Patrick Ness has a problem.
What’s his problem, you ask? Why, being a white man who must shut the fuck up occasionally. We can all appreciate and sympathize with that, can’t we?
No? Didn’t think so.
Lest you claim I’m making shit up or taking shit out of context, here is Ness’ risible first paragraph.
I had intended to open this polemic with some version of this true story: earlier this summer, I was having dinner with friends and our conversation turned to the role of the veil in Islam, starting with how to explain a burkha to a son raised to believe that men and women are equal, before leading into the veil’s potential as a form of oppression against women.
Imagine this man’s skull. Imagine how very, very thick it must be to make him this terrible, this oblivious, this self-absorbed. Or maybe it’s just a lifetime of insulation, of being mollycoddled, through no merit, charm or intelligence of his own–but through the simple fact that he’s white, male, and a westerner. He’s never been said no to all his life. He’s lived however many years of it a spoiled little shit. His opinions are welcomed, valued, validated in all venues (such as, aha, The Guardian–which I incidentally find difficult to distinguish from The Daily Mail).
Then suddenly he’s told (or imagines that he might be told) that no, his opinions aren’t welcome all the time–that he might consider shutting the fuck up once in a while on issues of which he knows fuck-all about (and there are a great many of those. Like the hijab/burka, for example). That must be so tough. Oh, poor baby. Let me just hug him better with a machine gun.
Part of my hesitation is of course my own genuine impulse not to be in any way racist, a truly held wish to accommodate cultures and views not my own. There is also my desire not to have this polemic be just another tediously calculated controversy, like the ones Martin Amis seems to pull out every time he’s got a new paperback on the way.
But if I’m honest, isn’t part of it also fear? Fear of having whatever I’d say about the Islamic veil – no matter how thoughtfully I’d said it – misappropriated, misquoted or badly paraphrased in the inevitable tweeting that’s going on right this very second? Fear of having my words turned into something they aren’t, and having to suffer the consequences.
How do I put it. Ah, let a Malaysian Muslim man deal with this one.
Despite Ness’ flailing, weepy hand-wringing over the horrible things that might just happen to him if he dares to utter a word about “the Islamic veil,” the reality is that Ness got this published on The Guardian which, though of little objective worth, happens to be a national newspaper (admittedly, in a white supremacist nation). Now The Guardian will publish any dreck, but the fact that Ness is a commercially viable author who just happens to be white, male, and a US citizen might just have helped things along.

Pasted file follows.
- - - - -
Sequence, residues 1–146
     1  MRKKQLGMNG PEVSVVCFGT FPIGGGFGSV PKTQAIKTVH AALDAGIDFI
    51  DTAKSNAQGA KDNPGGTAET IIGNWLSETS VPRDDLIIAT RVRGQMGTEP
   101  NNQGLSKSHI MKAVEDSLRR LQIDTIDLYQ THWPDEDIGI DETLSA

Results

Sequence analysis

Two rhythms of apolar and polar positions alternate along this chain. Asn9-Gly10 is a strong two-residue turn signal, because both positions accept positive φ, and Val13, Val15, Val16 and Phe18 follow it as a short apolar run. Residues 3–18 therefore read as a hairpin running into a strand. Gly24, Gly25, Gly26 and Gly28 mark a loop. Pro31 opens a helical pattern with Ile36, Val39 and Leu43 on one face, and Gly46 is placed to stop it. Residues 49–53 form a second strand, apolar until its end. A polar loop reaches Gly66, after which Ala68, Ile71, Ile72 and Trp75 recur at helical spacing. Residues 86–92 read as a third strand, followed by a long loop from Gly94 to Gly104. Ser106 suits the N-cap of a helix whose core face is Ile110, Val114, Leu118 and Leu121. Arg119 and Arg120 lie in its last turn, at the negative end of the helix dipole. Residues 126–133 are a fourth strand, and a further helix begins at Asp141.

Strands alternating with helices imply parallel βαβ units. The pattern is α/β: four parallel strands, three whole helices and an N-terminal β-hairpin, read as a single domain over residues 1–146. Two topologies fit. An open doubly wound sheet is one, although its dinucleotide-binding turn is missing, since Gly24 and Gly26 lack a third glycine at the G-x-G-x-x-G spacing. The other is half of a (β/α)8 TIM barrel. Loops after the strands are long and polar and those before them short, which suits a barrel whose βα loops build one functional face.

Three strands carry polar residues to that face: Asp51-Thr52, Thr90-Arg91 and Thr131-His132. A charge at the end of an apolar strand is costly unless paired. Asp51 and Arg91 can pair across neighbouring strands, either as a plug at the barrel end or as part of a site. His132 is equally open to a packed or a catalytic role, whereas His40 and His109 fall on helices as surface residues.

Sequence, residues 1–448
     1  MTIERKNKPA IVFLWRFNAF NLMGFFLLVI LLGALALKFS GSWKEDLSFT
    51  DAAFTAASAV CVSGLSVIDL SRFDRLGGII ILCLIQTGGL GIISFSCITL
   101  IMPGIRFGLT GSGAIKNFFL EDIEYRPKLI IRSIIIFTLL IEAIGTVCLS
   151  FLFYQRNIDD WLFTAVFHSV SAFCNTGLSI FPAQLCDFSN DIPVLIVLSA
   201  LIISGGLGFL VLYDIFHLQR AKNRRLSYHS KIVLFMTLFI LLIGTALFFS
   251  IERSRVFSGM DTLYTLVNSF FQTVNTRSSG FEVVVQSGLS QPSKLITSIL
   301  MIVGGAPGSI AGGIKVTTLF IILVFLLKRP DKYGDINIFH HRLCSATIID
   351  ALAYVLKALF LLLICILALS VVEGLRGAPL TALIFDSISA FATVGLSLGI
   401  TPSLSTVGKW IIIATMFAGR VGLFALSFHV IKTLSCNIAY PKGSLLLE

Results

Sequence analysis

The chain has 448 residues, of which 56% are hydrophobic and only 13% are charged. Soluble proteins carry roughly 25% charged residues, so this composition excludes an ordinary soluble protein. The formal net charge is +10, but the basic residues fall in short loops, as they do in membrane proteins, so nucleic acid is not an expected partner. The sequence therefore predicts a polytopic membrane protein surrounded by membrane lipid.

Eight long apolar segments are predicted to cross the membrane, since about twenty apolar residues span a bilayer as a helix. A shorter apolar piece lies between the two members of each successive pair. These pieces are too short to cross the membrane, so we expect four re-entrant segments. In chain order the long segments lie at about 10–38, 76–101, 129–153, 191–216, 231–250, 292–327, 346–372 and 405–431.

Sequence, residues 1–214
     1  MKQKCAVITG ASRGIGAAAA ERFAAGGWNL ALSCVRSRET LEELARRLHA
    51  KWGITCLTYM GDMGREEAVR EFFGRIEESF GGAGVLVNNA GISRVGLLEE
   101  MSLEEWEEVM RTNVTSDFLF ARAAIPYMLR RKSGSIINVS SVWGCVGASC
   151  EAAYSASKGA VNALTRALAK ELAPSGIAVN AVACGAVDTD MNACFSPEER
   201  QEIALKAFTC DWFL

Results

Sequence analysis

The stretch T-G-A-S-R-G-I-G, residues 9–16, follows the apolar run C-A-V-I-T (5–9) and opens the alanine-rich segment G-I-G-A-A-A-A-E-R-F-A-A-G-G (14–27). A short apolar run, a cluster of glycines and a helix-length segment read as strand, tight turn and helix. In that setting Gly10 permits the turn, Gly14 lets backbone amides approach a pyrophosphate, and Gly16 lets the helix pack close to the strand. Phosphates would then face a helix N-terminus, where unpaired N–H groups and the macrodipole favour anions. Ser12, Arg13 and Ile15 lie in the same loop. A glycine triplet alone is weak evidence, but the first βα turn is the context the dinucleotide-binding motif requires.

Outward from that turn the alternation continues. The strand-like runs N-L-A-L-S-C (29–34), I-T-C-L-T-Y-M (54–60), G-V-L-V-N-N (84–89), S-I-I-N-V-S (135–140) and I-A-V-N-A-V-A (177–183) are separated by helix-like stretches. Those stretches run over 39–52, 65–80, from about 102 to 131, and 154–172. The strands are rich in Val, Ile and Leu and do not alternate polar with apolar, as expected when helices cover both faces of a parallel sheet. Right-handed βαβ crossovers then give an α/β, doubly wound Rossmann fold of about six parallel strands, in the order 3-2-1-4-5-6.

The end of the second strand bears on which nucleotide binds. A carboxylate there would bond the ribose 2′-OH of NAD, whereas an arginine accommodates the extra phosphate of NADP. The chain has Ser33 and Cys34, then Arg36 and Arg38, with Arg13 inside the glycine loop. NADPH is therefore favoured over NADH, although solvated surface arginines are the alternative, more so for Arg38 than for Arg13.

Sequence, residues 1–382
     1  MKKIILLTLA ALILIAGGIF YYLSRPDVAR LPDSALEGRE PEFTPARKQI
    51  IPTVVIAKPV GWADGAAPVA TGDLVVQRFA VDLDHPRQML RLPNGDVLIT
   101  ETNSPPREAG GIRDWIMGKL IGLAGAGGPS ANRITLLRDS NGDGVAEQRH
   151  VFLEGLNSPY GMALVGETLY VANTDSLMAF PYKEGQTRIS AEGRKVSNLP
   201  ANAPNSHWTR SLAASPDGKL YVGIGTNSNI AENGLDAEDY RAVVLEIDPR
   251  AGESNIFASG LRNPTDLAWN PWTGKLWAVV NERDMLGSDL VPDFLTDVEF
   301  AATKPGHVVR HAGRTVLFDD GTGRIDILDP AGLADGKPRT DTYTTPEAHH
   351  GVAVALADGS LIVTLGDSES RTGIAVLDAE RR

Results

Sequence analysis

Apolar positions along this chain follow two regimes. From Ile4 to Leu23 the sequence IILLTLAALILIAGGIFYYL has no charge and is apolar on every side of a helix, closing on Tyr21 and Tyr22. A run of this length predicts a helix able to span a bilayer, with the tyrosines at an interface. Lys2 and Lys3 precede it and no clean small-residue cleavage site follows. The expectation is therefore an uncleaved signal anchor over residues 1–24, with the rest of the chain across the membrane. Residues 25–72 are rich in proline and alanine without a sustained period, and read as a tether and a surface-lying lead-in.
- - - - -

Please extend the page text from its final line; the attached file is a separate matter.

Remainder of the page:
The only censorship exists in Ness’ bizarro dimension not unlike Victoria Foyt’s dystopia, where the white western man is a protected class, surrounded on all sides by uppity minorities who just don’t want him to speak his mind, and if he does speak it–well, we’re just going to misquote him, take him out of context, distort his words and otherwise damage his reputation. He has genuine impulses not to be racist, you know? Uppity minorities just shouldn’t be so harsh on him. Give him a fucking break, eh?
What I’ve done, though, by being so careful, by even perhaps keeping silent on this or any issue, is disallowed myself a real voice in the conversation. I who consider myself a brave writer, one unafraid to push boundaries, to speak truth to power, I who believe these things about myself as much as any of you, I have in this instance self-censored. In a polemic about self-censorship.
Oh you big hero you. Again, how do you become this self-absorbed? How do you dress up this image of yourself as a brave, brave writer–a fearless Mighty Whitey, here to save Muslim women from the “veil”! A man with Real Opinions! A man who’d tell it like it is, totes, if only the world hadn’t gone mad with political correctness.
Fifty years later, she’s still right. I could easily have given an impassioned 15-minute talk about China’s censorship of the internet, for example. Or how book-banning in schools remains a persistent problem in the US, even in 2012. I could have spoken of the hate tweets to Tom Daley or Louise Mensch or Fabrice Muamba. Or the disgrace of the Pussy Riot trial in Moscow. Or Great Britain’s own problems with censorship: its outdated libel laws, its alarming flair for super-injunctions, its plans for secret courts, and on and on.
Censorship has not left the world. It only finds new avenues.
Because this is the kind of risk you run by saying something like that opinion about abortion. We here would almost certainly argue for your right to hold it, but in this sectarian, connected world, we’d then maybe stop listening to you. In a way, you’d be suddenly free of censorship because you’d be able to say whatever you like, you’d just be saying it to fewer and fewer people. And importantly, you’d be left out of conversations you’d like to be having.
No, you insipid, ridiculous fungal infection. What you’re doing is that you wish you could talk about things you don’t understand, things you have no experience with, things that don’t affect you. You want to do all that and be taken seriously, because your opinion–Mighty Whitey! White Man’s Burden!–is meant to be sacrosanct.
There’s no censorship involved, Patrick Ness. What there is though is consequences. People will call you out. People will think less of you. Your “opinions on other topics be ignored” but that’s not because you’re some brave messiah; it’s because your opinions–such as your example about anti-abortion (and shut the fuck up about that, you miserable subhuman–you don’t have a uterus!)–may be shitty. They will earn scorn not necessarily due to any petty schoolyard politics (they might, but given all your examples thus far…) but because your opinions expose you as a terrible human being.